How many fish really appear in the photo collage above? The answer bears on whether a study about lionfish social behavior, published in Biology Letters in 2014, was fabricated—and a marine biologist formerly at Uppsala University, who made up data in a 2016 Science paper, committed an earlier fraud. The collage above was supplied as evidence meant to dispel doubts about a study of lionfish, but a whistleblower has questioned whether the colorful ensemble includes many photos of the same fish, and in some cases, doctored duplicates of the same photo.

Noteworthy local conferences

Defense TechConnect
What: An innovation summit and expo that brings together defense, private industry, federal agency, and academic leadership to accelerate state-of-the-art technology solutions for the warfighter and national security.
Date: October 8-10, 2019
Location: National Harbor, MD
Forum on Mental Health and Substance Use Disorders
What: A workshop that provides an overview of five key policy challenges to improve care for people with mental health and substance use disorders.
Date: October 15-16, 2019
Location: Keck Building, National Academy of Sciences

Calendar of Events

NACS Seminar
Speaker: Dan Swingley (University of Pennsylvania)
Title: "Known and unknown in infants' language learning: a story of perception, categorization, and inference"
Date: Friday, October 4, 2019
Time: 10:15 a.m.
Location: 1103 Bioscience Research Building
Linguistics Colloquium
Speaker: Toby Mintz (University of Southern California)
Title: "Infants' capacity for learning non-adjacent dependencies in linguistic and non-linguistic domains"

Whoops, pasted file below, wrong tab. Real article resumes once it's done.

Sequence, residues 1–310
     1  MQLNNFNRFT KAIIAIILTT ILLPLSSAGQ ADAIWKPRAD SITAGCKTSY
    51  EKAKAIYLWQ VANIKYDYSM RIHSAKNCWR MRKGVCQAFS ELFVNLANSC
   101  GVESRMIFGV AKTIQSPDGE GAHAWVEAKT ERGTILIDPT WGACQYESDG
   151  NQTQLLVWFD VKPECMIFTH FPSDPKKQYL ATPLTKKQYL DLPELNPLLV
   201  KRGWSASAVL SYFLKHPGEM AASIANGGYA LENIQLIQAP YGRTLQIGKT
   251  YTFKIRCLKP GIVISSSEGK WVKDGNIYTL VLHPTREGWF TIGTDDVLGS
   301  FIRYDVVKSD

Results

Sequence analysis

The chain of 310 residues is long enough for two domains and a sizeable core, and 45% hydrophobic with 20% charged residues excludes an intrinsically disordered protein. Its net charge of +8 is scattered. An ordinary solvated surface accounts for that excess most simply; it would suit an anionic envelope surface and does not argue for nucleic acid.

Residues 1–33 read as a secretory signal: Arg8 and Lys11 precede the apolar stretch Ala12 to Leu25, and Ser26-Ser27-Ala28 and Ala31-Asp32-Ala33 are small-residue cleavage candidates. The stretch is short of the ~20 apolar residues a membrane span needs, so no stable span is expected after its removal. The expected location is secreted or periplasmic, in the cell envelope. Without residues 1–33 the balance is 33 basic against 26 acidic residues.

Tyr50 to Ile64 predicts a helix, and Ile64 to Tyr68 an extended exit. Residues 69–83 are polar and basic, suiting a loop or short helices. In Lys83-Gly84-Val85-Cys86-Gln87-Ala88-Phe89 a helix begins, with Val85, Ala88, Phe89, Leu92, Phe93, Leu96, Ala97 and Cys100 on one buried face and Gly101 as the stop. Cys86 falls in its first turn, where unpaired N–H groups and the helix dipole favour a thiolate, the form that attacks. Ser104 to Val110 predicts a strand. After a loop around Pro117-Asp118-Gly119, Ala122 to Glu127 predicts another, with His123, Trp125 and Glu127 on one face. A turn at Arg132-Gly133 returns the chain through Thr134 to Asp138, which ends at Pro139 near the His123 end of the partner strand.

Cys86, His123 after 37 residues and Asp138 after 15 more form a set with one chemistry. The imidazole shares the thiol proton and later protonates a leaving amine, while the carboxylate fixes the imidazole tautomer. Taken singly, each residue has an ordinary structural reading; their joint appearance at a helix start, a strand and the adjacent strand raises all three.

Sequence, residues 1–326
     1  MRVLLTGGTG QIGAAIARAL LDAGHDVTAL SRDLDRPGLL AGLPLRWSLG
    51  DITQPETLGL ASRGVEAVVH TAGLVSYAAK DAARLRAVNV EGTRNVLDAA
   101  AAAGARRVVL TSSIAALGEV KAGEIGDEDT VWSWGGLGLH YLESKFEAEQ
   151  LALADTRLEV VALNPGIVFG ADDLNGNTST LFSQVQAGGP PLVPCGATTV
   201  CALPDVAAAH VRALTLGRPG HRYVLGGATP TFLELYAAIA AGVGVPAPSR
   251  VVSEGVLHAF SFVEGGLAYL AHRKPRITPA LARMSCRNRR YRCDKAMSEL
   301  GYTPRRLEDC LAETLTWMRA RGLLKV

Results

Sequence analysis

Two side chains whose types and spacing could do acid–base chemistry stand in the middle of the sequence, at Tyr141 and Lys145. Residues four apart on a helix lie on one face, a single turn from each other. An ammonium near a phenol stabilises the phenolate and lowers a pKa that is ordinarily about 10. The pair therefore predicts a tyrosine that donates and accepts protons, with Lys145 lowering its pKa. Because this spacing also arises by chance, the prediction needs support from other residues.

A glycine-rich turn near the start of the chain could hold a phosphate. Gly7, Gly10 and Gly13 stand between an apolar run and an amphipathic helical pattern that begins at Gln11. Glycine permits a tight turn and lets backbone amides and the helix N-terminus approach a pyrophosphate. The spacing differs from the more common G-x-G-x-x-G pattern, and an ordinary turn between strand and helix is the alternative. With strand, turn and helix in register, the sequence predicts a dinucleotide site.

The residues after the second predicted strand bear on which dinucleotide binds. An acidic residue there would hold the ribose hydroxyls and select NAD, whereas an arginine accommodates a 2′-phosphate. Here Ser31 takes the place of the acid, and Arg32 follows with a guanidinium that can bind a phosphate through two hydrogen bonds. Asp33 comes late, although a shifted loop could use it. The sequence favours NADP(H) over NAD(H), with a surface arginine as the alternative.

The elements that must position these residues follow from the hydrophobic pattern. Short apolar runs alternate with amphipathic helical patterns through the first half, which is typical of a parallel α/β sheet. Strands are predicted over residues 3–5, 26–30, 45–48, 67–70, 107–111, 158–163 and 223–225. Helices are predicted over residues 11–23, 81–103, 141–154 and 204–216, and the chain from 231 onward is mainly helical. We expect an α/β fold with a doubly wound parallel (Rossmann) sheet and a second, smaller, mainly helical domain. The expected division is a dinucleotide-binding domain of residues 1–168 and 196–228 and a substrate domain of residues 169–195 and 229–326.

Date: Friday, October 4, 2019
Time: 3:00 p.m.
Location: 1310 Marie Mount Hall
More info
BBI-Kavli Distinguished Speaker Series
Speaker: Sliman Bensmaia (University of Chicago)
Title: "Biological and Bionic Hands: Natural Neural Coding and Artificial Perception"
Date: Tuesday, October 8, 2019
Time: 11:00 a.m.
Location: 1103 Bioscience Research Building

Funding Announcements

New FOA are listed below. Please visit for the complete list of open Funding Announcements.
NIH invites applications for Research on biopsychosocial factors of social connectedness and isolation on health, wellbeing, illness, and recovery (R01 Clinical Trials Not Allowed) (PAR-19-373) for projects that seek to model the underlying mechanisms, processes, and trajectories of social relationships and how these factors affect outcomes in health, illness, recovery, and overall wellbeing. Both animal and human subjects research projects are welcome. Applications due March 17, 2020.
NIH invites applications for Research on biopsychosocial factors of social connectedness and isolation on health, wellbeing, illness, and recovery (R01 Basic Experimental Studies with Humans Required) (PAR-19-384) for studies that prospectively assign human participants to conditions (i.e., experimentally manipulate independent variables) and that assess biomedical and/or behavioral outcomes in humans to understand fundamental aspects of phenomena related to social connectedness and isolatedness. Applications due March 17, 2020.